Attempting once again to enliven downtown Columbia after business hours, the Rouse Co. has asked county officials for a rezoning that could add 345 apartments or condominiums to the planned community's Town Center.
"The idea is that when the office buildings empty out at 5 or 6 in the afternoon, the downtown goes flat," said Alton J. Scavo, Rouse general manager of Columbia development.
Rouse planners envision a Town Center alive with young couples, empty-nesters and others interested in living a short walk from restaurants, theaters, nightclubs and even a concert pavilion.
That pavilion -- Merriweather Post Pavilion in Symphony Woods -- was the undoing of a similar proposal in 1992.
County Council members, sitting as the Zoning Board, rejected a Rouse plan to convert commercial land next between Merriweather Post Pavilion and Broken Land Parkway to residential use.
Although no one testified against the request, then-Councilman Paul Farragut argued that people who moved into the area would complain about the noise, which would put pressure on the tTC pavilion to restrict its concert offerings, and perhaps make it less commercially viable.
But his successor, Councilwoman Mary Lorsung, said she saw no evidence of that phenomenon last summer from new condominiums built just across Broken Land Parkway from the pavilion.
"Interestingly enough, we got three complaints at our office, and two of them were from the same person, and none of them were from Town Center," she said.
She declined to say whether she would support Rouse's specific set of proposals, however, until after the board held hearings on them.
Mr. Scavo said Rouse hopes to create a mix of living environments, including the kind that could be built next to the mature woodlands that surround the pavilion.
"The concept of living next to 35 acres of parkland is one that a lot of people find attractive," Mr. Scavo said. "You make a decision as to whether you want to be part of the excitement or not."
The requested rezonings are on four parcels, three in Town Center.
Besides the 11 1/2 -acre parcel next to the pavilion, the Rouse rezoning request seeks a second commercial-to-apartment change on a similar-sized parcel bordered by Governor Warfield Parkway, Little Patuxent Parkway and Broken Land Parkway Extended. Just northeast of that parcel is about four acres Rouse is asking to change from residential to open space.
The fourth parcel is the largest: 135 acres on the edge of the former General Electric Appliance Park East between Snowden River Parkway and Interstate 95.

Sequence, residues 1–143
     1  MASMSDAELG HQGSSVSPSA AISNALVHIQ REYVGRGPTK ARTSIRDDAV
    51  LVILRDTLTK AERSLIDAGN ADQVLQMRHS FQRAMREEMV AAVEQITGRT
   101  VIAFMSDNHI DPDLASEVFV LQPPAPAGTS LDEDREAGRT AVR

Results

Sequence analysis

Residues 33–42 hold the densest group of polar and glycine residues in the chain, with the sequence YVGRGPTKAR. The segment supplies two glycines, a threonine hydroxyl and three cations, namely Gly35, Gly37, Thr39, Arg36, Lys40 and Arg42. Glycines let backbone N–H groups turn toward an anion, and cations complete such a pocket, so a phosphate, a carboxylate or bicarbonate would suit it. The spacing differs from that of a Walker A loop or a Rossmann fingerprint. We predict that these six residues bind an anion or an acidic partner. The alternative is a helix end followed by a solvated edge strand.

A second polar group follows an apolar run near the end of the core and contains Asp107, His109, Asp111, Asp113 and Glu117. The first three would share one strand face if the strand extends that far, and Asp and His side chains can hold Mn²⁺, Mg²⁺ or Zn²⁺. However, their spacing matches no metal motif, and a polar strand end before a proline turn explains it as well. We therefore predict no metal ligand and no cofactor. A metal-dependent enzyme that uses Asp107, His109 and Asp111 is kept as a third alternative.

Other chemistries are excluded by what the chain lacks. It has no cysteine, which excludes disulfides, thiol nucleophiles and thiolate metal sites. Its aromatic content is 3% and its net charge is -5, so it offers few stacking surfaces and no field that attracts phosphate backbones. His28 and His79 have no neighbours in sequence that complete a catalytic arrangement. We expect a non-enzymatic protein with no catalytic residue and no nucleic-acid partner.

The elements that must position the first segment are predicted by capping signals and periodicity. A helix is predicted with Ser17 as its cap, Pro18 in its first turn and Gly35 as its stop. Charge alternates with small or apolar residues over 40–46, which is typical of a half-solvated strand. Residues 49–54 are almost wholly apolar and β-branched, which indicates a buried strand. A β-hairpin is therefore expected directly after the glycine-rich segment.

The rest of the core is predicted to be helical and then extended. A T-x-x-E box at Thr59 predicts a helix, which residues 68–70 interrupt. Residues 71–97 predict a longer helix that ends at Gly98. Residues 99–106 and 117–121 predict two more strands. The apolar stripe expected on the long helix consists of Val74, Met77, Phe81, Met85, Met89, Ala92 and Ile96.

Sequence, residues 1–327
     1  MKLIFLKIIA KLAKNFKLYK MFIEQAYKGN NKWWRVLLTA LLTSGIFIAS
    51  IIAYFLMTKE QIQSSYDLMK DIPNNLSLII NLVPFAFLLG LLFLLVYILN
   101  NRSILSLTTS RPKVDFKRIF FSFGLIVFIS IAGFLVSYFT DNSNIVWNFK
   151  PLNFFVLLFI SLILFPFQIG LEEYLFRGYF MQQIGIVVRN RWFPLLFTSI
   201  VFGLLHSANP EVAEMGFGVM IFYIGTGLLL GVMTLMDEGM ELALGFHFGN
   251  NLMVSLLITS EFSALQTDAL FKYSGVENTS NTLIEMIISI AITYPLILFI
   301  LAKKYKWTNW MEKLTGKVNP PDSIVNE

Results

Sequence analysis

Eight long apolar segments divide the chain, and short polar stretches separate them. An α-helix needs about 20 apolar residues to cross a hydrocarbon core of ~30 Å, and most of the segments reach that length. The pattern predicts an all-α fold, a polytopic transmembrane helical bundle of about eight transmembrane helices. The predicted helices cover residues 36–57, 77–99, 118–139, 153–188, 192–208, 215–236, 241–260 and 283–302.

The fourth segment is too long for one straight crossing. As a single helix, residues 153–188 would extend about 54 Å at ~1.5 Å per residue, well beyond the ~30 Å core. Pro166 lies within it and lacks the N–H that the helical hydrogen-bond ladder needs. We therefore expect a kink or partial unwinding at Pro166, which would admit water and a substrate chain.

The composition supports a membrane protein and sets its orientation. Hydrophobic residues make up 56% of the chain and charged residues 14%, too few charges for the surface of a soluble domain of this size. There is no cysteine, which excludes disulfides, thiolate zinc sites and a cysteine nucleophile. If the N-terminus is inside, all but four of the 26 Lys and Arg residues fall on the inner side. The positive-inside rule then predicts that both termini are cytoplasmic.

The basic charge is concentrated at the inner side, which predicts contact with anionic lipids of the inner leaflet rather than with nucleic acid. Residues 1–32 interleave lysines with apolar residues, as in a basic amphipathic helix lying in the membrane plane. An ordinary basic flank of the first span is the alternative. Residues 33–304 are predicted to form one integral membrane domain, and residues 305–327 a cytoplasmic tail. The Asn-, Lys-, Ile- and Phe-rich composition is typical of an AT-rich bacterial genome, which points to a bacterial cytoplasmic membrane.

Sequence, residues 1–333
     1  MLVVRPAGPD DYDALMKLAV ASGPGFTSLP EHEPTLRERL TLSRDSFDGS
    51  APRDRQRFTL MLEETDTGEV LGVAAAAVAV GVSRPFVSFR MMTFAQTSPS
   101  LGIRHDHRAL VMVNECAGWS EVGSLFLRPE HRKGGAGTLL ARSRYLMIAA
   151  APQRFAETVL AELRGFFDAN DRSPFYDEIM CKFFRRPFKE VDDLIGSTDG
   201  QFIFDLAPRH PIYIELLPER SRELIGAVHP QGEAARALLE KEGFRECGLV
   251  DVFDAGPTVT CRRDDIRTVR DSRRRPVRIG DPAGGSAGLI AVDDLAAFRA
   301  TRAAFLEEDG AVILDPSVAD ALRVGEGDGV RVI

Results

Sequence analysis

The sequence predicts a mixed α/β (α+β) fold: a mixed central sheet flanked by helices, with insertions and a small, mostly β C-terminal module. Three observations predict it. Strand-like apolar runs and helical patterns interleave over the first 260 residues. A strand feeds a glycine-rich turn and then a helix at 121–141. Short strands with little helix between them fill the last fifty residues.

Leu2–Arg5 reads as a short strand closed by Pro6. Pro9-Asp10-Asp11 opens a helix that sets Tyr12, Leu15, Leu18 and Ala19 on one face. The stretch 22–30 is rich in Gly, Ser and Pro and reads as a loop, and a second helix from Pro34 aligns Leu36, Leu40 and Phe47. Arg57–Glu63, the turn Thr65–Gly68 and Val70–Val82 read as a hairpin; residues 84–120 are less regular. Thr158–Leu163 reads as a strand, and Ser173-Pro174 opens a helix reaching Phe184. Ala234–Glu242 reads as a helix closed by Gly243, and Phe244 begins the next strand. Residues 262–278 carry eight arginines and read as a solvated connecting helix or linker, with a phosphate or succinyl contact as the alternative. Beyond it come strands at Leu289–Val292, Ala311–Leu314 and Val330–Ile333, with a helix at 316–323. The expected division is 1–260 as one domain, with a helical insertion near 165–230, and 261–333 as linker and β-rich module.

Rouse wants to expand Columbia's borders by converting that land from light industrial zoning to Columbia's peculiar new town zoning. While such a change would have little effect on the company's plans to develop office-warehouse buildings and distribution centers, it would expand Columbia to 14,272 acres.
The change would put the land under the nonprofit Columbia Association's annual property levy, which helps pay for upkeep of city parkland and community services provided by the association.
The additional acres also would allow the construction of 317 housing units sprinkled throughout the rest of Columbia, because the number of homes the county allows under the new town zoning is calculated at 2.35 units for each acre, including commercial property and parkland.
So far, the Rouse Co. has not reached its density limit, and does not need the change to allow the additional units in Town Center. Mr. Scavo estimated that Columbia is now at 2.27 units an acre.
Neighborhood groups recently have complained that Rouse planners have been trying to squeeze as much density as they can out of the city's remaining undeveloped residential properties. Long Reach village residents have been especially critical, and succeeded in getting Rouse to lower the number of units planned for the village's Kendall Ridge neighborhood.
Mr. Scavo said both of the Town Center parcels likely would be developed as three- to four-story apartment or condominium buildings. The buildings will have a "little more urban" character than apartment buildings elsewhere in Columbia. Ideally, Rouse would like to see something similar to the apartments at the end of Banneker Road in Town Center, which were approved at the same time the apartments near the pavilion were rejected.
It's the sort of thing that the 1990 General Plan, the county's 20-year blueprint for development, encouraged in Columbia's downtown area, said Joseph W. Rutter Jr., county planning and zoning director.
"The General Plan specifically talks about having a mix of uses in a concentrated location," he said.
The public will get its first opportunity to testify on the land-use proposals at 9:30 a.m. June 8 at the county Planning Board's meeting in the County Office Building.
The board will make a recommendation to the Zoning Board, which will then schedule its own hearing and decide the case.